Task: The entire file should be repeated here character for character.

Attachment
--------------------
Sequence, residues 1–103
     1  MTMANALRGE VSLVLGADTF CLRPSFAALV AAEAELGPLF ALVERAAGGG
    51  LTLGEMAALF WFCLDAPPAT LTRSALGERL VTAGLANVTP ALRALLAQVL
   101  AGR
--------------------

Sequence, residues 1–103
     1  MTMANALRGE VSLVLGADTF CLRPSFAALV AAEAELGPLF ALVERAAGGG
    51  LTLGEMAALF WFCLDAPPAT LTRSALGERL VTAGLANVTP ALRALLAQVL
   101  AGR